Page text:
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Avoid These When Working on Open Source Projects

Every website developer should work on open source projects once in their career. It is a great way of getting feedback on works. Working on these kinds of projects is also a good way of learning how to create codes that are flexible enough to fit other developers’ works. Developers could get not only feedback but also recommendations from other devs in the field. It is truly a holistic experience. However, working on open source projects is not for the faint of heart.

Here are some of the things to avoid when working on open source projects:

Forget to include a README file

The README file is one of the most essential elements of every successful open source project. This file includes two important things: licensing instructions and how-tos. A lot of developers forget to include licensing details in their work, and it could get hairy at some point. Remember, if a dev does not explicitly point out that the work is free to use commercially or non-commercially, internet laws treat the project as copyrighted work. This defeats the entire purpose of getting your work on open resources and could mean that other people cannot use your work freely. Furthermore, it is important to give some insight into your project. This includes the goal of the project, what it is for, and how other devs could use it on their own projects.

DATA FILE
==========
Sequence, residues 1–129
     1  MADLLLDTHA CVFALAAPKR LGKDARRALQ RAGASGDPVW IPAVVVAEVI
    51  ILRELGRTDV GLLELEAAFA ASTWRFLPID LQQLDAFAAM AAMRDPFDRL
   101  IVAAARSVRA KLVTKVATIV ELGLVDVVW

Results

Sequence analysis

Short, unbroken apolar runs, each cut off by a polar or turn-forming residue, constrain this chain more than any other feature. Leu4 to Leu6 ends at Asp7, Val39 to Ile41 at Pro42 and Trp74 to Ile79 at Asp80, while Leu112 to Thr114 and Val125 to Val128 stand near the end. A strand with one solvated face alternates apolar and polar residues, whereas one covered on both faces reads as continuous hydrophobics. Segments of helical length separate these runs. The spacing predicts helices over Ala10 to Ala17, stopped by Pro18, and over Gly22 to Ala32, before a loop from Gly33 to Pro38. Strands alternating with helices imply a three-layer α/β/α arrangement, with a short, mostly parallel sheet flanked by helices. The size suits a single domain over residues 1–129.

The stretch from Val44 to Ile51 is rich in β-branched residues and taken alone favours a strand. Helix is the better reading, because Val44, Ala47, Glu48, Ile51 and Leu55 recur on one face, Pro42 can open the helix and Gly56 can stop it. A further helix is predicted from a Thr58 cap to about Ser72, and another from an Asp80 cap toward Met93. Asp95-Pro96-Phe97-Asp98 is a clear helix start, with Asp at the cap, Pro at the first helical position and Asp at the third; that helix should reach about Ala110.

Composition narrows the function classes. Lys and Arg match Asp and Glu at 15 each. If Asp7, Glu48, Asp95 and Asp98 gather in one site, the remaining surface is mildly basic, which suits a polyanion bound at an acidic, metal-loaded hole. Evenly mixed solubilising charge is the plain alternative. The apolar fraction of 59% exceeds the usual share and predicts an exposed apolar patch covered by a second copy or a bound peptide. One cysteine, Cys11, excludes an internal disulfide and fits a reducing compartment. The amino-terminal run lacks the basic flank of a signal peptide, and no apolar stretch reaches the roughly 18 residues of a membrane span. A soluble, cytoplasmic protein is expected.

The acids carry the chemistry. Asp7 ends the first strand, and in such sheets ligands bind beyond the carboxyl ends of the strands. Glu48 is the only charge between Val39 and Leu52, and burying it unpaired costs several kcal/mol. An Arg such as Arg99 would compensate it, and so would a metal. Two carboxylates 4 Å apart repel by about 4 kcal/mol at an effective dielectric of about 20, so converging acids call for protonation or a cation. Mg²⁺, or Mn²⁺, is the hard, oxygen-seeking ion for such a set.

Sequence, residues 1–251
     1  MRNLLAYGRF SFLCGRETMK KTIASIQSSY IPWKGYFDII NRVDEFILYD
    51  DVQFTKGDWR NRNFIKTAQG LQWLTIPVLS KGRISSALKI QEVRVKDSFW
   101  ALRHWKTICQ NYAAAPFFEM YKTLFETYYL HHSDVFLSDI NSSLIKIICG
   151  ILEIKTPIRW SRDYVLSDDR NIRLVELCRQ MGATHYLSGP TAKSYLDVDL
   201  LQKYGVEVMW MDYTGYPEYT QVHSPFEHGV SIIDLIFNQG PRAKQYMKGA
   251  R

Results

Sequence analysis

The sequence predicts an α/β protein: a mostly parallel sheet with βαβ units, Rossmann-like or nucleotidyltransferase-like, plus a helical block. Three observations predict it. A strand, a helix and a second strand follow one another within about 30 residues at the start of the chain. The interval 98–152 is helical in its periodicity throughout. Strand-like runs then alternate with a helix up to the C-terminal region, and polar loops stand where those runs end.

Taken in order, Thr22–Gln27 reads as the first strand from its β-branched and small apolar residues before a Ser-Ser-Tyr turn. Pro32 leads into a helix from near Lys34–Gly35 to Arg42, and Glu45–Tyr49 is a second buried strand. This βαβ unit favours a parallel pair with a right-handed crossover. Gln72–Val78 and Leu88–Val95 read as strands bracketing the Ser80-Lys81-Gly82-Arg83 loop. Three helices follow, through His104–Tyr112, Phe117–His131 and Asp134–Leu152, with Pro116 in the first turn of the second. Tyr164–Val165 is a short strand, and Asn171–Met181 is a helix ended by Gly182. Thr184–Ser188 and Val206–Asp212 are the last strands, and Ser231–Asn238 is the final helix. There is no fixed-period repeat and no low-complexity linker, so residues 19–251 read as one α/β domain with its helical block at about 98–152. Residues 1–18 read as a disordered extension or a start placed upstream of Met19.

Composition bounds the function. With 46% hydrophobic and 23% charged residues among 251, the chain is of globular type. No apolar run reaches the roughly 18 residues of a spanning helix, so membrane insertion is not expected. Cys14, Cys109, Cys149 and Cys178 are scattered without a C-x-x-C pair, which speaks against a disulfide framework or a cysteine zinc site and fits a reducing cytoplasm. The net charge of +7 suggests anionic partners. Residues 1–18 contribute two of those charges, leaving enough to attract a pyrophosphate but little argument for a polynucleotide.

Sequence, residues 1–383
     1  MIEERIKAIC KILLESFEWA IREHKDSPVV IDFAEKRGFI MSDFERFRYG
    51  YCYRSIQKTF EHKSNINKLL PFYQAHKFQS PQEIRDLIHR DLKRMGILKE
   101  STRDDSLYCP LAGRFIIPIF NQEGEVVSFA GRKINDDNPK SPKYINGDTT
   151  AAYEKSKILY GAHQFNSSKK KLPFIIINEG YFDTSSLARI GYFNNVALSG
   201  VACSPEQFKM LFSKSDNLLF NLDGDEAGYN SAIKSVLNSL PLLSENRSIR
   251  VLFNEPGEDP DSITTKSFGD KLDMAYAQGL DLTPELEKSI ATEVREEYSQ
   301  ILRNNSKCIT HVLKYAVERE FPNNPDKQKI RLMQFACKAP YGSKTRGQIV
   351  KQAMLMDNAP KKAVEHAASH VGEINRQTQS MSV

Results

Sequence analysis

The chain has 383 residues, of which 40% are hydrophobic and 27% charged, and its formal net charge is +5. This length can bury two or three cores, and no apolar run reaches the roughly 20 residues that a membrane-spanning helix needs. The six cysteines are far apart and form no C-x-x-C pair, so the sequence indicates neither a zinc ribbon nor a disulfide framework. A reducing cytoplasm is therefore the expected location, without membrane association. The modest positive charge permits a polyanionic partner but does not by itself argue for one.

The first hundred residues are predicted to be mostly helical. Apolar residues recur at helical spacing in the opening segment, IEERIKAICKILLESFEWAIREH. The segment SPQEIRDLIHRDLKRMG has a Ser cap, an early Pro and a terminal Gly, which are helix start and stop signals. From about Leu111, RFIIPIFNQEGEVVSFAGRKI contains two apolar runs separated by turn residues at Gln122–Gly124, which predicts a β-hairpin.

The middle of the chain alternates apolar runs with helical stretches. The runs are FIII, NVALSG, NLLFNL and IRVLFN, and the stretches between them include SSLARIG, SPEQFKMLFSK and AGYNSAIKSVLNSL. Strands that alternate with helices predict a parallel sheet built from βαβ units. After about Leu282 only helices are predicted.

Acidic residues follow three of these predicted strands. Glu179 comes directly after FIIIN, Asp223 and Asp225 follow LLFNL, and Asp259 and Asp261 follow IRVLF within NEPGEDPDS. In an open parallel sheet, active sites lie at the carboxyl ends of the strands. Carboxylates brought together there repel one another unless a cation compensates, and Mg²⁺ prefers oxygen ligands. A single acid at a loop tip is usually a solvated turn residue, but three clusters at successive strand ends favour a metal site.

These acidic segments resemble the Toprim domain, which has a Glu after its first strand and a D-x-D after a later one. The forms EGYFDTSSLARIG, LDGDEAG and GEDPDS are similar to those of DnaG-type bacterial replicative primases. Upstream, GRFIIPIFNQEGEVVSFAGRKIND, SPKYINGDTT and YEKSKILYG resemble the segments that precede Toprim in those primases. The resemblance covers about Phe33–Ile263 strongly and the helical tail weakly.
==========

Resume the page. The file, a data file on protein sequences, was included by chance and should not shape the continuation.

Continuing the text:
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Be emotional about any open source projects

Every open source project or contribution is indeed a work of art. These are the results of great thinking and hard work. However, it is very important to keep a level head and professionalism for any open-source contributions. Reactions and reviews online could get a little too honest and, in many cases, #savage. There are also instances where users are going to spend extra time finding out what’s wrong with your work.

A close mind for new solutions

The main goal of open source is to create and collaborate. Sometimes, it is also a great way to find new solutions to problems that you couldn’t solve. The purpose of open source is to let everyone chip in and contribute with ideas – what mistakes were made, how to make it work better. In this case, it is humbling to ask for help within the community and someone will surely go out of their way to help you. It may sound like roasting your work but, eventually, your project will become better. In fact, many people within the open-source community recognize and appreciate true talent when they see one. It could also make you a better programmer, no matter how pro you already are.

Also Read: 17 Best Interactive Websites in 2020

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